“I feel like it was just yesterday that we qualified for the World Cup,” reminisced veteran goalkeeper Inna Palacios in an interview before the competition.
Embracing the diaspora
Part of the Filipina’s strategy for success is to reach out to the global diaspora to find its talent. Anicka Castañeda is the only player in the squad who was born in the Philippines, with the rest born in the United States, Norway, Canada and Australia to at least one Filipino parent.
It hasn’t been a universally popular strategy, despite the results. Filipina players based abroad who participate in sports other than the nation’s favourite sport of basketball are often heavily criticised. One angry commenter was recently called out for saying: “The surnames of most of the rostered players are not Filipino. We need to make a team of pure Filipinos, so we can be prouder.”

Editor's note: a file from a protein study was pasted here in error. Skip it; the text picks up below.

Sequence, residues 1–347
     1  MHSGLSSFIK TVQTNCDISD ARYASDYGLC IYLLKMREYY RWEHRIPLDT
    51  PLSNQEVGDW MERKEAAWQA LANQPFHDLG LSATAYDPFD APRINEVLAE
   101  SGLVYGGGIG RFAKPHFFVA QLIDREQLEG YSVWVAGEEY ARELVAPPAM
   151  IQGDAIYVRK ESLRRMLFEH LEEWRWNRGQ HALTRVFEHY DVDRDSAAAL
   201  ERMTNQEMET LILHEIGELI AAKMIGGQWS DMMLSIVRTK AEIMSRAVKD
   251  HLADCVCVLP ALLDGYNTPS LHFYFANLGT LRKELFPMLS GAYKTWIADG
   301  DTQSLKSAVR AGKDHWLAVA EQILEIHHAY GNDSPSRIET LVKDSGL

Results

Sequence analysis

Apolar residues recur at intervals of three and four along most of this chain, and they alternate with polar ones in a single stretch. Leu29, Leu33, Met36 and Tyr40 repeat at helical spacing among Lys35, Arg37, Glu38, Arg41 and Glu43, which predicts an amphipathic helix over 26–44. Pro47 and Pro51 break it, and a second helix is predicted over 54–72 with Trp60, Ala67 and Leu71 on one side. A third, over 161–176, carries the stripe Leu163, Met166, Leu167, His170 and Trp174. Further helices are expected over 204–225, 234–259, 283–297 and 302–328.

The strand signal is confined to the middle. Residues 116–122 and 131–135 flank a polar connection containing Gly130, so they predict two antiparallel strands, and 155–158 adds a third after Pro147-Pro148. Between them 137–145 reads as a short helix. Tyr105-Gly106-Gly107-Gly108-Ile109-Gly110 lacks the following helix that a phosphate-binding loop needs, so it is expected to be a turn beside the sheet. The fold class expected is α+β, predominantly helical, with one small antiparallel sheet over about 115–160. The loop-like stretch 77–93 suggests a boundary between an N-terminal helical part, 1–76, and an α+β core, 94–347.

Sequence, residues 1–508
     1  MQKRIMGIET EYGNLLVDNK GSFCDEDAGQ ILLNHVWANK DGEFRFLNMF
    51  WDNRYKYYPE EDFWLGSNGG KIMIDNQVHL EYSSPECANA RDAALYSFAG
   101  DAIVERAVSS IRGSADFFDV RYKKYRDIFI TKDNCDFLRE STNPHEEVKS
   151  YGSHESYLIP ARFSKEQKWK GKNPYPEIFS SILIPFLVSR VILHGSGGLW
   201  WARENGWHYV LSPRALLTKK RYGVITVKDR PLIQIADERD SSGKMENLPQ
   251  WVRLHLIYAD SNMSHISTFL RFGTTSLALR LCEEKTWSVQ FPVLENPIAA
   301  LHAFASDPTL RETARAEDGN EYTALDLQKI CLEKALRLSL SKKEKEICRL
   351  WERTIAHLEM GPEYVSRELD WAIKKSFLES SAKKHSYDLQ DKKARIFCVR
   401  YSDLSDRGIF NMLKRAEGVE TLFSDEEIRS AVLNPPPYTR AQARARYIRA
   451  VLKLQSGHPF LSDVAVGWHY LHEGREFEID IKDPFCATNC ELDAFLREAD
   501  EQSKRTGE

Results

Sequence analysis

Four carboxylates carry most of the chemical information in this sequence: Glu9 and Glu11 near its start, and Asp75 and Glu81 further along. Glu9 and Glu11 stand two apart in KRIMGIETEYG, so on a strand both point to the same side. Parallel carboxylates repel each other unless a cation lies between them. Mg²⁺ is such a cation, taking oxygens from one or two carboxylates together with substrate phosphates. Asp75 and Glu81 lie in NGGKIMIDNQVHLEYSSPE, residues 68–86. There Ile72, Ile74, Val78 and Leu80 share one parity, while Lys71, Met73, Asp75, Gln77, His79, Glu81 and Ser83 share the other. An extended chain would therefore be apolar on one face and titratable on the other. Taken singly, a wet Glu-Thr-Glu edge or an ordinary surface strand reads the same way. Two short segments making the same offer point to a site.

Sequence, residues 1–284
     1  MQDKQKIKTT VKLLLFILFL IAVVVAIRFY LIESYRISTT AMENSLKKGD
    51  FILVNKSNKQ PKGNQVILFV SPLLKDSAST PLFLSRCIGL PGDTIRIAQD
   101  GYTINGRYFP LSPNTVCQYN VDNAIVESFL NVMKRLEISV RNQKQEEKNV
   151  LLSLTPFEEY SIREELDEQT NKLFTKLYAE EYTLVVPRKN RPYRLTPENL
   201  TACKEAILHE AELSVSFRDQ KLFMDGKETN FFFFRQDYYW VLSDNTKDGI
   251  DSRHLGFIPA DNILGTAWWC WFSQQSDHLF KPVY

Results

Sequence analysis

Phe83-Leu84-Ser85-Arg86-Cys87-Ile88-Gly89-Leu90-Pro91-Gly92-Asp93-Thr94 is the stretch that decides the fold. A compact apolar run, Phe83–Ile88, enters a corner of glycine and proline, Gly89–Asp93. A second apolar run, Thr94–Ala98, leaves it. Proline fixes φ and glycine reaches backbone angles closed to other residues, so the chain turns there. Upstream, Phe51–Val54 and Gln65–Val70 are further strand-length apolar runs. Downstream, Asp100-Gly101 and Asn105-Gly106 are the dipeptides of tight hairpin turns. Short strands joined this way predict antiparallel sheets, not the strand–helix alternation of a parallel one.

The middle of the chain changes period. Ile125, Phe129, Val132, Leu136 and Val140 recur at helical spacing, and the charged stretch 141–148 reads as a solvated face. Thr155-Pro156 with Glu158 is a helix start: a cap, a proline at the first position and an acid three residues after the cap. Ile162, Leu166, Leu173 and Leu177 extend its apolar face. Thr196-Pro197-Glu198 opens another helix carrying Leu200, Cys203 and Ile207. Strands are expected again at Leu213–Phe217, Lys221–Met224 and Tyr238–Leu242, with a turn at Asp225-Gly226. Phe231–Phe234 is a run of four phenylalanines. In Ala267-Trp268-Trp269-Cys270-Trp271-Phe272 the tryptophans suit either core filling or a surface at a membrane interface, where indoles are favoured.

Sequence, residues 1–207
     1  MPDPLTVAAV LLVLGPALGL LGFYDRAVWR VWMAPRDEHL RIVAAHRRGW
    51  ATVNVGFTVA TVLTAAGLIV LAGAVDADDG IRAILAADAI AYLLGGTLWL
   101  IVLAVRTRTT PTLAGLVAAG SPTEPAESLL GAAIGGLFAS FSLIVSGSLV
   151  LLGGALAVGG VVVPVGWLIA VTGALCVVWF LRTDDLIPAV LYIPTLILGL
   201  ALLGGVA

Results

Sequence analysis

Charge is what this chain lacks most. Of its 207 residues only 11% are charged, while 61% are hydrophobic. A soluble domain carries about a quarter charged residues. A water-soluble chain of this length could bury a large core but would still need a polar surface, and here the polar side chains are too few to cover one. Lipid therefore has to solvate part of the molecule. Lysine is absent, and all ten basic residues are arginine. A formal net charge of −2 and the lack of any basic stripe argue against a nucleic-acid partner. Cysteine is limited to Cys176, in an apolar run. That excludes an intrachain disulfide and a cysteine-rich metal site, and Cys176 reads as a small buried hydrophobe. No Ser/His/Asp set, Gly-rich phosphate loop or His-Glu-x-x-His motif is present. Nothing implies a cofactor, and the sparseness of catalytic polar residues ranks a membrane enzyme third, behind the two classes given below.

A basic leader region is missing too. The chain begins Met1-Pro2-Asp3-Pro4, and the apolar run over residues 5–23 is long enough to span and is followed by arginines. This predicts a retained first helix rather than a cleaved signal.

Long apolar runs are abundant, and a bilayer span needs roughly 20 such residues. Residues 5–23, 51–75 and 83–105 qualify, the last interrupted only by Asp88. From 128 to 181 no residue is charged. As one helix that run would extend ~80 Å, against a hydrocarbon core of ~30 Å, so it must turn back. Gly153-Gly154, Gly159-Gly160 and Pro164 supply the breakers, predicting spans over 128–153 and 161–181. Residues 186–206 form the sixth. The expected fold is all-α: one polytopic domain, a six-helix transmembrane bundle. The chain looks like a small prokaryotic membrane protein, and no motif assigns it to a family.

Many loyal fans, though, have come to the team’s defence on TikTok. “Thanks to the foreign players representing the Philippines”, one commenter wrote on a recent post of mine. “They aren’t foreign. They are Filipinos who grew up in other countries,” another replied.
Venice Furio, host of sports website Futbol Brew, said there is a need to bridge the gap between the players and the community.
“Efforts should have been made to integrate the players into the local football community, such as organising clinics or arranging meet and greets with children. I believe it would foster a stronger sense of connection between the players and fans, enabling them to develop a genuine affinity for the team,” Furio said.
In pursuit of sporting excellence